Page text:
SteamWorld Dig 2 is a beautiful and charming game with a satisfying mixture of exploration, puzzles, and mildly challenging platforming. The more treasure you collect, the more abilities you unlock, which in turn, lets you collect even more treasure. It’s a simple yet addictive loop that pushed me forward until I beat the final boss. Unfortunately, the lack of a compelling end game meant I didn’t have much motivation to continue past the ten-hour mark.
You play as Dot, a robot searching for her pal Rusty, the protagonist from the first game. He was last seen in a nearby town however he disappeared at around the same time as weird explosions started going off underground. It’s not a particularly engaging story and I won’t remember any of the characters by the time this review is published. That doesn’t bother me too much. I’m here to dig.
Digging starts off tense. Dot carries a lamp but it quickly runs out of power, leaving you shoveling away in dim light, not entirely sure where the exit is or if that glow you see is treasure or any enemy. Watching your lantern fade out is tense. Do you go back the way you came or keep going down, hoping to find a fast travel point to return to the surface? If you die, you return to town and lose some of the hard-earned treasure you use to buy upgrades to your gear. It’s enough of a punishment to keep you focused while also not being particularly frustrating.
While underground, you collect treasure, cogs, and new gear. You spend the treasure to make basic upgrades to your gear, for example, quicker digging, more light from your lantern, and a bigger backpack for treasure. In true Metroidvania fashion, new gear is introduced slowly to let you access new zones or secrets in areas you’ve already visited.
Most gear can be enhanced with cogs. Unlike the basic upgrades, cogs offer completely new abilities, such as making treasure glow or getting health from defeating enemies. After just a couple of hours, these cogs completely change the feel of the game and not necessarily for the better. You can equip cogs to stop your lantern running out of light, fast travel back to town from anywhere on the map, and regain health from pools of water. With these abilities, the tension from the first few hours completely disappears, leaving you only concerned with exploring caves for more cogs and upgrades.
This isn’t inherently a bad thing. The lack of challenge doesn’t make SteamWorld Dig 2 less fun, it just makes it less tense. Once the pressure is off, you can relax and clear a path below you, trying to collect as much treasure as possible and creating paths to secret areas. There’s always something new on screen to head towards; a new enemy to beat, a cog to collect, or a piece of treasure to dig free from the earth.
When you’re not digging, you’re exploring caves for collectibles. These caves typically contain either light puzzles or skill-based platforming. The puzzle rooms require a bit of creative thinking to reach hidden areas, such as luring explosive enemies to a broken wall or pushing trolleys around to activate switches and open doors. Most of the secrets feel fair although there are a couple that I only found by wandering into a random block that happened to disappear.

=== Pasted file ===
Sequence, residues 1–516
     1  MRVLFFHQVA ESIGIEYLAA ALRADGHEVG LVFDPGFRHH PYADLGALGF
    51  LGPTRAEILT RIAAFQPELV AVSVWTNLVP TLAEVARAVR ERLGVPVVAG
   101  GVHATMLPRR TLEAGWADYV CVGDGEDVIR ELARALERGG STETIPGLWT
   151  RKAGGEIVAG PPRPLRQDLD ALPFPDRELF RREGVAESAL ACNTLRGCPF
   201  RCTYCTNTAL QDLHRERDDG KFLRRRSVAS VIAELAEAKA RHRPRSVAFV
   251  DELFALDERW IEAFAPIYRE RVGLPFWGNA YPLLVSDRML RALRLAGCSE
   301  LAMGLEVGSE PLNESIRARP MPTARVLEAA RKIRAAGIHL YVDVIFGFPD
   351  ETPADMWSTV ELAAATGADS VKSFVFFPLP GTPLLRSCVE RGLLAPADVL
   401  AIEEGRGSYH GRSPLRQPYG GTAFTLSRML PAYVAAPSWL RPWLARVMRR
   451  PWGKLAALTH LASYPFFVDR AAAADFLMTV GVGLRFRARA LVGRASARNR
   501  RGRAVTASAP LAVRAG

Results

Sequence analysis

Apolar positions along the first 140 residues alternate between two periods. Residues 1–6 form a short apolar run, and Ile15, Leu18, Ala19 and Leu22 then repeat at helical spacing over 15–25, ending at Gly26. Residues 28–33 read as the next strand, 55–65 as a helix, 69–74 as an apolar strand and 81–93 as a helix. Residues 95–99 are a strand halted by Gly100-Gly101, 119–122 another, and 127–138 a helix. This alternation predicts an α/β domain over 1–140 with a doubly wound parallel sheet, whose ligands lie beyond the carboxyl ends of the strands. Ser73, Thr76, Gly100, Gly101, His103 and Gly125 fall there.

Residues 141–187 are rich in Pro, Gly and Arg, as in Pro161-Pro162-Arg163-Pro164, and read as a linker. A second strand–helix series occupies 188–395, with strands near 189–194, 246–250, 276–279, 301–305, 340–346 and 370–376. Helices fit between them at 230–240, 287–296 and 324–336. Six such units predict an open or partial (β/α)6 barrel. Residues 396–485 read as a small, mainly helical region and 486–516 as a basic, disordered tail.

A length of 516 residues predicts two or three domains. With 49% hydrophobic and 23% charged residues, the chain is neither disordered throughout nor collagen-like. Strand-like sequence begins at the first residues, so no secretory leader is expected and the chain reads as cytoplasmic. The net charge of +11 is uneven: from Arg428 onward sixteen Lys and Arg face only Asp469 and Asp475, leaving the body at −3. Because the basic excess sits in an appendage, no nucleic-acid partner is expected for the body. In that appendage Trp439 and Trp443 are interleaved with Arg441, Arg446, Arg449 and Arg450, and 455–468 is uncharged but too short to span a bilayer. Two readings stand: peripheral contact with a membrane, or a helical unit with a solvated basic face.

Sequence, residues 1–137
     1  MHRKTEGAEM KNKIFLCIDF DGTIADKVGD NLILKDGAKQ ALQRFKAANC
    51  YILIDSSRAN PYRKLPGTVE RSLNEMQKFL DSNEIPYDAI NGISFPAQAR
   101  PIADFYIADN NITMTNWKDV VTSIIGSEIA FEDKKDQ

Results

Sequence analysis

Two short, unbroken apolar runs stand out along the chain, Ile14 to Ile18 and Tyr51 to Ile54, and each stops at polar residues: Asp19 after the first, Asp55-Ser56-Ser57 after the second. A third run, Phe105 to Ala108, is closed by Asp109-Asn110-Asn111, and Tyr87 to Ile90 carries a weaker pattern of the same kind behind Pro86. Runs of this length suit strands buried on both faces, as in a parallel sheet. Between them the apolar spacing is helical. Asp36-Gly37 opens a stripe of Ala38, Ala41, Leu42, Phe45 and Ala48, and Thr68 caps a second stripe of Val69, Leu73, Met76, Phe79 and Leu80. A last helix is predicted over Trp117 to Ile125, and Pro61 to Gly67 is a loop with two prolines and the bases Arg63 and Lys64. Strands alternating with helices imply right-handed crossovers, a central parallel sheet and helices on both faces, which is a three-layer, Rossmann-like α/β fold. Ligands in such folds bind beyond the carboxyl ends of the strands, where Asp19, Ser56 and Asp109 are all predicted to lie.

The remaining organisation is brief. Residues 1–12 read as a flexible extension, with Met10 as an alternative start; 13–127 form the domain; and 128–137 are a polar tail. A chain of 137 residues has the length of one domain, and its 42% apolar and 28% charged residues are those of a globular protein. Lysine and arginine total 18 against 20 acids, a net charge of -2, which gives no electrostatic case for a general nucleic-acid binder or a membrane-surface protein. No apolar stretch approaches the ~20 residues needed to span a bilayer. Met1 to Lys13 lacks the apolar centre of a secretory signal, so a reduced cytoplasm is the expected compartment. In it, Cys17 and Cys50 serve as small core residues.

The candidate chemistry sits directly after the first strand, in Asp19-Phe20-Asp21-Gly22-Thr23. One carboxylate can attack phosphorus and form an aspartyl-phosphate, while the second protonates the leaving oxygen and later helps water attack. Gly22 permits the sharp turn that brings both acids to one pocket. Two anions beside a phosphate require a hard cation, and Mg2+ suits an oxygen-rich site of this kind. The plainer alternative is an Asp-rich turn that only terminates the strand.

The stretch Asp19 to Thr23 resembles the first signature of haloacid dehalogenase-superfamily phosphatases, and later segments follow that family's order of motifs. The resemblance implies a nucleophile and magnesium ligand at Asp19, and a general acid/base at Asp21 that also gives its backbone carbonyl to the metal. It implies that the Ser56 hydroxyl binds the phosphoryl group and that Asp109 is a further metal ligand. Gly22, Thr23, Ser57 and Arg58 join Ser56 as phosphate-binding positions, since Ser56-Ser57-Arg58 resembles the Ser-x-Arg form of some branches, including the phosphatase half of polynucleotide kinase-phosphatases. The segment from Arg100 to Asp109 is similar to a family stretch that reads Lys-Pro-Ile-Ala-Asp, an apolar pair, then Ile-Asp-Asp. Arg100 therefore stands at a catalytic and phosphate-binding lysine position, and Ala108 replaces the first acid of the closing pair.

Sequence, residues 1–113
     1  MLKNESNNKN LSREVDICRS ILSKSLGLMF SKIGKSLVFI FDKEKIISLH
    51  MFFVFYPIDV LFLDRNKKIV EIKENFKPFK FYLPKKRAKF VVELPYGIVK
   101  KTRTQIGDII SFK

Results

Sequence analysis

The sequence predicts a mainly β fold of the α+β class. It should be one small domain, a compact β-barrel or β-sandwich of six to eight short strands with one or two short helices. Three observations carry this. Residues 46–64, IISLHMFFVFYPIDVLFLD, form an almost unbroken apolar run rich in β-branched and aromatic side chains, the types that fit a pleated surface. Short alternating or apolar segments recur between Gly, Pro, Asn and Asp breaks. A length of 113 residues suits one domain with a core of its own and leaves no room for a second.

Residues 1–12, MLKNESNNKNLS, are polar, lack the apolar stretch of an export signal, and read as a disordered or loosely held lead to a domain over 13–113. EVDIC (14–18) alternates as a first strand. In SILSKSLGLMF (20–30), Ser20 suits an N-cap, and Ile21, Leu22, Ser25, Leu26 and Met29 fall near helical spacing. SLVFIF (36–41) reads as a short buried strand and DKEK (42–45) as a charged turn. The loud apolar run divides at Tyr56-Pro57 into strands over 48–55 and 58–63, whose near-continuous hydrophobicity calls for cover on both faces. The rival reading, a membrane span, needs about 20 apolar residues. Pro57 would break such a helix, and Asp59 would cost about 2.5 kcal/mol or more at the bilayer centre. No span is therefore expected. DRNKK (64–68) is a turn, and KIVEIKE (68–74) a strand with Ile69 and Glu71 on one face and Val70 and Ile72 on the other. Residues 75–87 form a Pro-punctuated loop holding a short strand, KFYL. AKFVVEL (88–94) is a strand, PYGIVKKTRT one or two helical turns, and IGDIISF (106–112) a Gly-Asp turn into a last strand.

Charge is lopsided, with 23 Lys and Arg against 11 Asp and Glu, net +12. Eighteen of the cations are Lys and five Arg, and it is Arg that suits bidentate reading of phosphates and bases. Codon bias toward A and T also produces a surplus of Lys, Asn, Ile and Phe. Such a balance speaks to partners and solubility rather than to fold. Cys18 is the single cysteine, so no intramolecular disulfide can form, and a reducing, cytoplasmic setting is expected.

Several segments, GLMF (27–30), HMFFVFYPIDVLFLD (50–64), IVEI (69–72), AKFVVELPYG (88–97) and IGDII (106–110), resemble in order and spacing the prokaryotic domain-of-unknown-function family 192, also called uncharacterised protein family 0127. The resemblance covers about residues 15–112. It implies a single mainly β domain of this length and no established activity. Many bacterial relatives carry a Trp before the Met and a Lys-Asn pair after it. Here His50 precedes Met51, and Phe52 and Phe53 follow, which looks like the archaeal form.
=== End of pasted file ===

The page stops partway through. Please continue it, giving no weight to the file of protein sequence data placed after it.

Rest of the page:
The platforming sections are moderately tricky and usually require mastery of one piece of gear like the grapple hook. Occasionally there are bonuses for completing an additional task like getting through the entire area without touching the floor. Without wanting to sound too greedy, I would have loved more of these sections to take advantage of the tight controls and the array of gadgets at Dot’s disposal.
There’s a decent variety of underground areas to explore. You start off digging through plain old dirt but quickly move into an aquatic area, a volcanic region complete with temples, and another that I won’t spoil. These locations are absolutely stunning to look at. They’re bright, colorful, and crisp on both PS4 and PS Vita.
Unlike the first game, SteamWorld Dig 2 has hand-crafted levels instead of procedurally generated ones. You can be digging through dirt one minute and the next find yourself in front of a huge jewel-encrusted door that can only be opened by lighting fires dotted around the region.
Eventually, you encounter the final boss. It also happens to be the first boss. The fight is out-of-place as it doesn’t build on what you’ve been doing for the previous seven or so hours. It’s also incredibly tough if you aren’t appropriately leveled. There’s no recommended level or skill set, however it’s easy enough to go away and come back when you’re stronger.
After defeating the boss, you can continue collecting treasure and finding secrets, but there’s little motivating you to do so. I was a long way from 100% complete when I beat the boss and would have loved a new game plus mode or an obvious incentive to keep leveling up my character. The ending of the story even hints at one further location to visit but you never go there. You unlock challenge trials if you find all the artifacts, but they should have been available earlier as a new way to level up instead of as an incredibly late addition that most people will never reach.
SteamWorld Dig 2 is addictive in all the best ways. It keeps you smiling as you explore beautiful environments, collect treasure, acquire upgrades, and solve puzzles. There’s always the temptation to push on through to the next cave or find one more secret. It’s excellent until you reach the endgame at which point it falls a little flat. Still, for at least ten hours, SteamWorld Dig 2 is hard to put down and easy to pick up.